Lottie Moss discusses her ADHD diagnosis and reveals it can lead to ‘substance abuse’

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She was diagnosed with having ADHD – Attention Deficit Hyperactivity Disorder earlier this year. 

And Lottie Moss took to Instagram Stories on Monday to discuss her diagnosis in a bid to help others, claiming that having the disorder can ‘lead to substance abuse.’ 

She said; ‘I was diagnosed wtih ADHD this year and knowing about it and being on right medication has changed my life and it could save someone else’s.

Trying to help others: Lottie Moss discussed her ADHD diagnosis on Instagram Stories on Monday and revealed the disorder can lead to 'substance abuse'

Trying to help others: Lottie Moss discussed her ADHD diagnosis on Instagram Stories on Monday and revealed the disorder can lead to ‘substance abuse’

She said; 'I was diagnosed wtih ADHD this year and knowing about it and being on right medication has changed my life and it could save someone else's'

She said; ‘I was diagnosed wtih ADHD this year and knowing about it and being on right medication has changed my life and it could save someone else’s’

‘There’s a lot of anxiety, depression and substance abuse that comes with having ADHD, just as a result of not knowing you have it or being misdiagnosed.

‘So if you are anyone you know might have ADHD and you just have a hunch, or you just want to know more about it, please google it and go to a doctor, Find out more because it can be really serious. 

Attention Deficit Hyperactivity Disorder (ADHD) is a behavioural condition defined by inattentiveness, hyperactivity and impulsiveness. 

Honest: In July, Lottie said: 'I was becoming a person I didn’t really like which is why I numbed myself with substances.’ Lottie Moss talks about ADHD and her recent diagnosis

Honest: In July, Lottie said: ‘I was becoming a person I didn’t really like which is why I numbed myself with substances.’ Lottie Moss talks about ADHD and her recent diagnosis

It affects around five per cent of children in the US. Some 3.6 per cent of boys and 0.85 per cent of girls suffer in the UK. 

In July, the Calvin Klein model revealed she had to deal with ‘so many people thinking it’s some made-up thing, or try to tell me how I should feel, or that it isn’t that bad, especially people that haven’t ever had a mental illness’.

Lottie also told her 330,000 followers at the time: ‘My struggles have caused me to act out of character.

‘I was becoming a person I didn’t really like which is why I numbed myself with substances.’ 

Her latest words come after TOWIE star Olivia Attwood was praised by fans for speaking candidly about her own struggles with ADHD.

Speaking on her new ITVBe show Olivia Attwood Meets Her Match, the 29-year-old spoke about her ADHD when discussing her mental health struggles.    

While discussing her upcoming nuptials with footballer Bradley Dack, Olivia described being diagnosed at school, but said she didn’t know she could still have it as an adult.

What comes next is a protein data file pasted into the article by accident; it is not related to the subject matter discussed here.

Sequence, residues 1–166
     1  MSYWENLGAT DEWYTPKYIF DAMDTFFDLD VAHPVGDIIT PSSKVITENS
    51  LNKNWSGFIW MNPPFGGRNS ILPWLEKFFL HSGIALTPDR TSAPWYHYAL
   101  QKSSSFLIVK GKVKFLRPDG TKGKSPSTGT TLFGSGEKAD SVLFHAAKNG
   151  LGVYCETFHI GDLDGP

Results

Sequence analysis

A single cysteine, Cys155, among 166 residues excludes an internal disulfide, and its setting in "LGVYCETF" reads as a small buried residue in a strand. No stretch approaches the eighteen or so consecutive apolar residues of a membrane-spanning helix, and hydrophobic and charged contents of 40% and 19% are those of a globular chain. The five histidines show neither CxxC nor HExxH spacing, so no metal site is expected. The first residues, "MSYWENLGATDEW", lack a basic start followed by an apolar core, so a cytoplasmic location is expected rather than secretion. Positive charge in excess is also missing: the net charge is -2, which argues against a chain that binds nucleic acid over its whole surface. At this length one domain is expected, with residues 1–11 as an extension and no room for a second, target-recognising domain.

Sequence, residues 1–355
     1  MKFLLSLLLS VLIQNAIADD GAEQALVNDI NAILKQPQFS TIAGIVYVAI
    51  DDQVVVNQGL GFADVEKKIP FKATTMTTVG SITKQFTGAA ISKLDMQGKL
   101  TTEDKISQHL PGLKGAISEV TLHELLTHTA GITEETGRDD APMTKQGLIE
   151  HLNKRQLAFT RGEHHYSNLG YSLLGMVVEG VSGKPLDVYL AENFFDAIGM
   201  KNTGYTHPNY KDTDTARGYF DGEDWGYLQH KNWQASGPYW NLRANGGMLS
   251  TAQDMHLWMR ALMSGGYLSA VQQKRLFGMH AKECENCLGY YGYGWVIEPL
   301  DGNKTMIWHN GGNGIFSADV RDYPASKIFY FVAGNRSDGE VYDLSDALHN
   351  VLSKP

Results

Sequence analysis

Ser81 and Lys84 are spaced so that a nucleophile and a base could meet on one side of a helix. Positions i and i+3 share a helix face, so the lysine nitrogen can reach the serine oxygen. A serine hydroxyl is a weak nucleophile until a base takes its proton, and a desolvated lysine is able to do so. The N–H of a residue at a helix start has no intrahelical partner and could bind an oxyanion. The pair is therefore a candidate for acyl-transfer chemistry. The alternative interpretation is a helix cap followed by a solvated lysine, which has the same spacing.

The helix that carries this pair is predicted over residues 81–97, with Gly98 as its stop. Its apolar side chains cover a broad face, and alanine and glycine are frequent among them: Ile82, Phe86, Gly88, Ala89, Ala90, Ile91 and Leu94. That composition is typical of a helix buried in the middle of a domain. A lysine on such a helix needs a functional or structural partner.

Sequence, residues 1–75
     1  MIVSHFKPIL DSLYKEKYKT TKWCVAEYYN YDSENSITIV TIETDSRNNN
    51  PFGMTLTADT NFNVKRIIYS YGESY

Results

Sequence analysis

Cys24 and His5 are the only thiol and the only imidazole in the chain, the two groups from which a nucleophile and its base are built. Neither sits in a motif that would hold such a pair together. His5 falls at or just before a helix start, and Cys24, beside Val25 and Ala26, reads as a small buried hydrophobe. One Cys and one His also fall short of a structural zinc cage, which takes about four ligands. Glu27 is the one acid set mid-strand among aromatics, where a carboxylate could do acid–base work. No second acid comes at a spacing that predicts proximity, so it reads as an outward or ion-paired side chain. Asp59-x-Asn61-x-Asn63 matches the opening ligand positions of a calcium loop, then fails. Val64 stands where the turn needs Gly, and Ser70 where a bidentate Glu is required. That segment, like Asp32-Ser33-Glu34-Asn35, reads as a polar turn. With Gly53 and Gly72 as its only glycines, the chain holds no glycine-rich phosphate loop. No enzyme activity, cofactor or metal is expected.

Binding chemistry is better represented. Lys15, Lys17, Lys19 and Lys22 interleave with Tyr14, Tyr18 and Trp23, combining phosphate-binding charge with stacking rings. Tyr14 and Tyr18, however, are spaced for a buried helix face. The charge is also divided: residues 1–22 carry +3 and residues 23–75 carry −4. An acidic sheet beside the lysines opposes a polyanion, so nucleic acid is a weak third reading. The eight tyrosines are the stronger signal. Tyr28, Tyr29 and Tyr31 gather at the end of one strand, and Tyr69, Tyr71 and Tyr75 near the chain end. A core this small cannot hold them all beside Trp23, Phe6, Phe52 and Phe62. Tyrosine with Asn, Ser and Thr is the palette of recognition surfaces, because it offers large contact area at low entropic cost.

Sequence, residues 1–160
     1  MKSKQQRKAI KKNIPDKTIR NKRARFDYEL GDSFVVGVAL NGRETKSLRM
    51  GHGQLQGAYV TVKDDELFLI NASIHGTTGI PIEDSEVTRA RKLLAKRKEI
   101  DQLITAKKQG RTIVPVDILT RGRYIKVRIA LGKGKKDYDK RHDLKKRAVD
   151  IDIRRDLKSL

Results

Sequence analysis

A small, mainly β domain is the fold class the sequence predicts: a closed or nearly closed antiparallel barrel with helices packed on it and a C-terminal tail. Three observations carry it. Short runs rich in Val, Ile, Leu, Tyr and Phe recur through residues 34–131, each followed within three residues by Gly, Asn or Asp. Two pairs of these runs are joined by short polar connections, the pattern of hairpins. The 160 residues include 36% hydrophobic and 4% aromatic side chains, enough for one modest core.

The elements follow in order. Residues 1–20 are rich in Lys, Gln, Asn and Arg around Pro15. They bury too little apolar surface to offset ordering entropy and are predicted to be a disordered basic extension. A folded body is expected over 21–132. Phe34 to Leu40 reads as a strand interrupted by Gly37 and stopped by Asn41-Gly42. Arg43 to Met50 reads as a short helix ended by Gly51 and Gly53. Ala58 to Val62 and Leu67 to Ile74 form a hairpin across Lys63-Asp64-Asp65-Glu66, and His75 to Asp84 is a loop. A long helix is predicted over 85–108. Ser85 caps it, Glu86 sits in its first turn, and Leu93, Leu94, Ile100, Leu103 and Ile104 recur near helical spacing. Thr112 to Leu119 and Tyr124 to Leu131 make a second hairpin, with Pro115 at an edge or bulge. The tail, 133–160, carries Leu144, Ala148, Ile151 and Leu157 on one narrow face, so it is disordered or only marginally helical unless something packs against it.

The 2017 Love Island star said: ‘Pre-Love Island, I just kind of hit this point where everything came to a head.

Opening up: Olivia Attwood recently spoke about her own ADHD diagnoisis when discussing her mental health struggles on an episode of Olivia Attwood Meets Her Match

Opening up: Olivia Attwood recently spoke about her own ADHD diagnoisis when discussing her mental health struggles on an episode of Olivia Attwood Meets Her Match

‘My anxiety was through the roof, I was fluctuating in and out of mild depression, and I had to actually get some help for it.

‘And the amazing doctor who I was actually treated by, when I was with her for a couple of hours she was like, ‘Have you ever been diagnosed with ADHD?’ and I was like, ‘Yeah, as a child, but you can’t have it as an adult, can you?’

‘And she was like, ‘You absolutely can. I think not being aware of your ADHD tendencies has led you to be really hyperactive and then you’re dealing with anxiety and that’s brought on depression’. 

‘It’s like a big chicken and egg situation.’ 

ABOUT ATTENTION-DEFICIT / HYPERACTIVITY DISORDER 

Attention Deficit Hyperactivity Disorder (ADHD) is a behavioural condition defined by inattentiveness, hyperactivity and impulsiveness.

It affects around five per cent of children in the US. Some 3.6 per cent of boys and 0.85 per cent of girls suffer in the UK. 

Symptoms typically appear at an early age and become more noticeable as a child grows. These can also include:

  • Constant fidgeting 
  • Poor concentration
  • Excessive movement or talking
  • Acting without thinking
  • Little or no sense of danger 
  • Careless mistakes
  • Forgetfulness 
  • Difficulty organising tasks
  • Inability to listen or carry out instructions 

Most cases are diagnosed between six and 12 years old. Adults can also suffer, but there is less research into this.

ADHD’s exact cause is unclear but is thought to involve genetic mutations that affect a person’s brain function and structure.

Premature babies and those with epilepsy or brain damage are more at risk. 

ADHD is also linked to anxiety, depression, insomnia, Tourette’s and epilepsy.  

There is no cure. 

A combination of medication and therapy is usually recommended to relieve symptoms and make day-to-day life easier. 

Source: NHS Choices 

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